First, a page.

There’s rich and then there’s crazy rich.
Based on the 2013 book of the same name by Kevin Kwan, Crazy Rich Asians is adapted for the screen by Peter Chiarelli and Adele Lim, and directed by Jon M. Chu. At the film’s core is Rachel (Constance Wu), an economics professor in New York who is invited to Singapore by her boyfriend, Nick (Henry Golding), to meet his family. Unbeknownst to Rachel, Nick belongs to one of the wealthiest families in Asia. As they all prepare for Nick’s best friend Colin’s (Chris Pang) wedding to the vivacious Araminta (Sonoya Mizuno), Rachel realises she may be in over her head.
Nick’s mother, Eleanor (Michelle Yeoh), doesn’t approve of Nick’s girlfriend from the west, and goes to significant lengths to break up the relationship, all the while trying to put up with her own mother-in-law (Lisa Lu). Nick’s cousin, Astrid (Gemma Chan) seems to have it all, but her marriage to Michael (Pierre Png) is suffering. Ronnie Chieng and Remi Hii play Nick’s wanker cousins, Edison and Alistair, and Awkwafina is a highlight as Rachel’s friend, Goh Peik Lin. (Ken Jeong and Chieng Mun Koh as her parents are also great value).
It’s really a woman’s show, with the women getting all the meat in the plot, while the men are mostly there to look good or produce laughs. Nick’s father is spoken about, but never seen. Whether that’s a comment on the absent father or to show that women are the one’s running the show is not entirely clear. We are all in on Rachel’s side though, as she tries to deal with this crazy new world. Constance Wu is perfectly cast as a leading lady we can immediately warm to. Michelle Yeoh, in contrast, nails the death stare as the matriarch who wants the best for her son, even if it’s clearly not what he wants himself. Late in the piece the two women engage in a Mahjong showdown and it’s delicious. And speaking of delicious, the dumpling-making scene is also a highlight.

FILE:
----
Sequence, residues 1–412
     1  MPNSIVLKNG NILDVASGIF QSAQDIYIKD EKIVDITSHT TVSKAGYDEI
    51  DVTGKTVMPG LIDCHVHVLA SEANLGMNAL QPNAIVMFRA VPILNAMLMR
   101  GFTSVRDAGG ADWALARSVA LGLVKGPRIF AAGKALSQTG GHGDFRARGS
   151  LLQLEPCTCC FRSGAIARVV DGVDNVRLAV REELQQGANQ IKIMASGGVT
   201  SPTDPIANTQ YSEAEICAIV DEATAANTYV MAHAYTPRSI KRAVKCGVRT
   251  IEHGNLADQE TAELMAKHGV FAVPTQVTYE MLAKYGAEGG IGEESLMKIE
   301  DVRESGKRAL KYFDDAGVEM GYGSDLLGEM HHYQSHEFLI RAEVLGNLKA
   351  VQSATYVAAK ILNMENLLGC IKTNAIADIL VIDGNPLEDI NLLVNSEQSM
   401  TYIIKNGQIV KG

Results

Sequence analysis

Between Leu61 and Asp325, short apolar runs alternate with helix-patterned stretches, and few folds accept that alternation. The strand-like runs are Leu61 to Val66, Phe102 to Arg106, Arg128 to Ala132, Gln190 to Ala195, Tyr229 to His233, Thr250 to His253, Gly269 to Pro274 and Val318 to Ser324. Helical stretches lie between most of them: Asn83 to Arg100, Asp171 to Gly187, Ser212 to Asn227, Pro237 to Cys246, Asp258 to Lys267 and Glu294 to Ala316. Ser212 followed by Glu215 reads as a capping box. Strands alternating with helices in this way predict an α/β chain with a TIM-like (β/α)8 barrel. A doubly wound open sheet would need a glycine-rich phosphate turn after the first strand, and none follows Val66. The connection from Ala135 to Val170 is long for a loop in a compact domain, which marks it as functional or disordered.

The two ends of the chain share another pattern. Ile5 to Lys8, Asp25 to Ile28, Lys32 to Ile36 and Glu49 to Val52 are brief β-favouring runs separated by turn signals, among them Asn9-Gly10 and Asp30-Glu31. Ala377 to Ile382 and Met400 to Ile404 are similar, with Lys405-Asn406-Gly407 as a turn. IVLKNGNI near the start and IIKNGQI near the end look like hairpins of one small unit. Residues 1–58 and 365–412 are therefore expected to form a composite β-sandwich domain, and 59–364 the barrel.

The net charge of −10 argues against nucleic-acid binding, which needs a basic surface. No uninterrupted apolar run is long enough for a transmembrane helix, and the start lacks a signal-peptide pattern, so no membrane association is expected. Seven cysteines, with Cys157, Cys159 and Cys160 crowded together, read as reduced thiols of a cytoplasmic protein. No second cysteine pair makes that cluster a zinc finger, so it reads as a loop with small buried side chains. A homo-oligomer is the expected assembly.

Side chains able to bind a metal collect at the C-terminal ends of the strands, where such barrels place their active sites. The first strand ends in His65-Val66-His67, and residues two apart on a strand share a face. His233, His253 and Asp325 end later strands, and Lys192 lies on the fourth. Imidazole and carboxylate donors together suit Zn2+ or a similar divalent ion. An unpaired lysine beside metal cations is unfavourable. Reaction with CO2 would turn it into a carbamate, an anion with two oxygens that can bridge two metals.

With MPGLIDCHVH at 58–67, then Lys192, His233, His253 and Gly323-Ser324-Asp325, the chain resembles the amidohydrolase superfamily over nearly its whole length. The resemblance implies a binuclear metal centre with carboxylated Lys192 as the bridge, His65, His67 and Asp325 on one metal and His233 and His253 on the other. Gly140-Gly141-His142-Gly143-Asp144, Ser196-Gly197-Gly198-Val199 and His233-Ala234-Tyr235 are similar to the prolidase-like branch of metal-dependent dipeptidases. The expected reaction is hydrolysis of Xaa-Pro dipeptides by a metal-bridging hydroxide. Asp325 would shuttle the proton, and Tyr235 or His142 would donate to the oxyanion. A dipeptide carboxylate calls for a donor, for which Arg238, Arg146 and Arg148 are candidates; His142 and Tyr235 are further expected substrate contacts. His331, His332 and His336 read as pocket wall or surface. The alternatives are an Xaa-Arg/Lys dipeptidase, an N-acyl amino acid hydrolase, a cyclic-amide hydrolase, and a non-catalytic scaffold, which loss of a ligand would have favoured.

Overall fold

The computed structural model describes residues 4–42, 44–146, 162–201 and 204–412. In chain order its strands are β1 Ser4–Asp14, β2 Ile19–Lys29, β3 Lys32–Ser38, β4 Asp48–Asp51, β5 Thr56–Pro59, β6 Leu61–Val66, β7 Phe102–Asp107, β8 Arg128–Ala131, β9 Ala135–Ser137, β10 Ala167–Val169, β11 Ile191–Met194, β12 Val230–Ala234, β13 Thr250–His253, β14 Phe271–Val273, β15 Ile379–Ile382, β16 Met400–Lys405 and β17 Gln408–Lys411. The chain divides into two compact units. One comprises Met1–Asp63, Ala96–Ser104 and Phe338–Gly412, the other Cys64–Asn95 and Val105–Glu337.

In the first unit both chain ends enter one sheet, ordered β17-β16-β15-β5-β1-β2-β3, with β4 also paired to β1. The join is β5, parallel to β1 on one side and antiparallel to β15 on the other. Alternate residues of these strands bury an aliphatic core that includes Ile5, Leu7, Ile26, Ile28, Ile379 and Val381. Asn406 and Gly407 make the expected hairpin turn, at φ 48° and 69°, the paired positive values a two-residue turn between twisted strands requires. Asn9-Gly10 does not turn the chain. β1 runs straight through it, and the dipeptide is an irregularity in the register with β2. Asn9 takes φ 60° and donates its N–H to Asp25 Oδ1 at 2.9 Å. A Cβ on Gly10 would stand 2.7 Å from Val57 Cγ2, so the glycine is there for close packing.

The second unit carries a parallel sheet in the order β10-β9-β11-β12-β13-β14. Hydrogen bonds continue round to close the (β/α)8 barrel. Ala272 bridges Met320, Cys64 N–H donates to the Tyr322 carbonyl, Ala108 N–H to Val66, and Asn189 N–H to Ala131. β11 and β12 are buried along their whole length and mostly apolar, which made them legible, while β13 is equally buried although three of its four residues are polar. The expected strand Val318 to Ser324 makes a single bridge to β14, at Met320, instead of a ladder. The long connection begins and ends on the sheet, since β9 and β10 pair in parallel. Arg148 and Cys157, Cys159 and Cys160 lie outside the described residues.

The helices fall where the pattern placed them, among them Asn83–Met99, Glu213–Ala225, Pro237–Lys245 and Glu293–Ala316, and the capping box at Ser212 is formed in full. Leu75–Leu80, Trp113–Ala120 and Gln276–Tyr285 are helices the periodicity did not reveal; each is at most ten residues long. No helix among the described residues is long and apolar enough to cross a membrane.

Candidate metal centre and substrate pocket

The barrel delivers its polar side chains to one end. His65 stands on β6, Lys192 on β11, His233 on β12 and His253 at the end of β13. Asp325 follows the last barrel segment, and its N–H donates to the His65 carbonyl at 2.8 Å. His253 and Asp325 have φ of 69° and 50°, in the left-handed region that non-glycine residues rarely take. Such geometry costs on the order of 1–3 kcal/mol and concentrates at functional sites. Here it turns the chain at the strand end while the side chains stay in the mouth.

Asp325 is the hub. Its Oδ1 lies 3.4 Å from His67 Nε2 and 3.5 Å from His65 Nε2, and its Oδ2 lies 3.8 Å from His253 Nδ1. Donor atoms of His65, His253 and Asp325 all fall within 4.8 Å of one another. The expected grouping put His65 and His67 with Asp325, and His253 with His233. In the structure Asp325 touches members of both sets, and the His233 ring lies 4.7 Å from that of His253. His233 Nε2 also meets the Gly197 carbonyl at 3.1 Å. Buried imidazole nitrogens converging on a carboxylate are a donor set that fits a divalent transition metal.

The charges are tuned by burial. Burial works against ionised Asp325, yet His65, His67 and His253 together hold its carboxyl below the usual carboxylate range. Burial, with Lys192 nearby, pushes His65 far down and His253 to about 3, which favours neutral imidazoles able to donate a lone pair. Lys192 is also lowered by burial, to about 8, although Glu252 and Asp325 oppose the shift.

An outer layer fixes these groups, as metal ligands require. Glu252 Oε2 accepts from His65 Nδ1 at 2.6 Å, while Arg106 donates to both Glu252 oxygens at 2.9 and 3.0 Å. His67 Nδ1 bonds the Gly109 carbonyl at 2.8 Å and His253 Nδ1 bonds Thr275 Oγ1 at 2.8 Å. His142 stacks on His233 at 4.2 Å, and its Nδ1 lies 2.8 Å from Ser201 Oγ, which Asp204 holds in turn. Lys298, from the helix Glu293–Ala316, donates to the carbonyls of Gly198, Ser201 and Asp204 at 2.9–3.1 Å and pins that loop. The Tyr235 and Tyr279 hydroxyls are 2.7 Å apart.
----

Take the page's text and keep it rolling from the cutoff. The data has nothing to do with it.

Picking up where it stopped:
As the title suggests, the bulk of the characters in this film live a life of extravagance. They’re disgustingly rich. Like a $40 million wedding kind of rich. You know those tacky rich people you know who have gold décor everywhere because they think it looks “classy”? They’re the plebs here. Some viewers may find it all too gross (there are people living in poverty, after all) but the film doesn’t really promote such extravagance – although it does all look absolutely gorgeous – and Rachel is not won over by money. This isn’t Fifty Shades of Grey, thank god. If anything this film may encourage some viewers to run as far away from big money as they can. Or at least rich and powerful in-laws.
The film is accompanied by a peppy soundtrack that includes some Chinese pop covers of Western hits (Coldplay and Madonna among them) which further highlights the blending of Asian and Western cultures on screen. I mean, who doesn’t love a fashion montage set to a Chinese cover of ‘Material Girl’? Along with the music, the vibrancy of the costumes and lavish set-pieces make the whole film shine from start to finish.
It’s refreshing to see a Hollywood film that features a cast of entirely Asian actors – the first in 25 years following The Joy Luck Club. And given how enjoyable the film is it should reach a wider audience rather than only the population it represents. While Asians living in the West will likely relate the most, this is a film that can be appreciated by all. It’s not exactly genre-defining – let’s face it: it’s a Hollywood chick flick – but it’s a damn good time with laughs galore. In contrast to the recent The Spy Who Dumped Me which produced merely half smiles and the occasional titter, Crazy Rich Asians is actually hilarious. However, it also succeeds in its dramatic moments, and don’t be surprised if you end up teary-eyed in its cute, even if somewhat clichéd, final moments. Narrative-wise, it’s pure Hollywood, but it’s importantly a progressive step in mainstream representation.
This review was first published on 27th August 2018 at Film Blerg.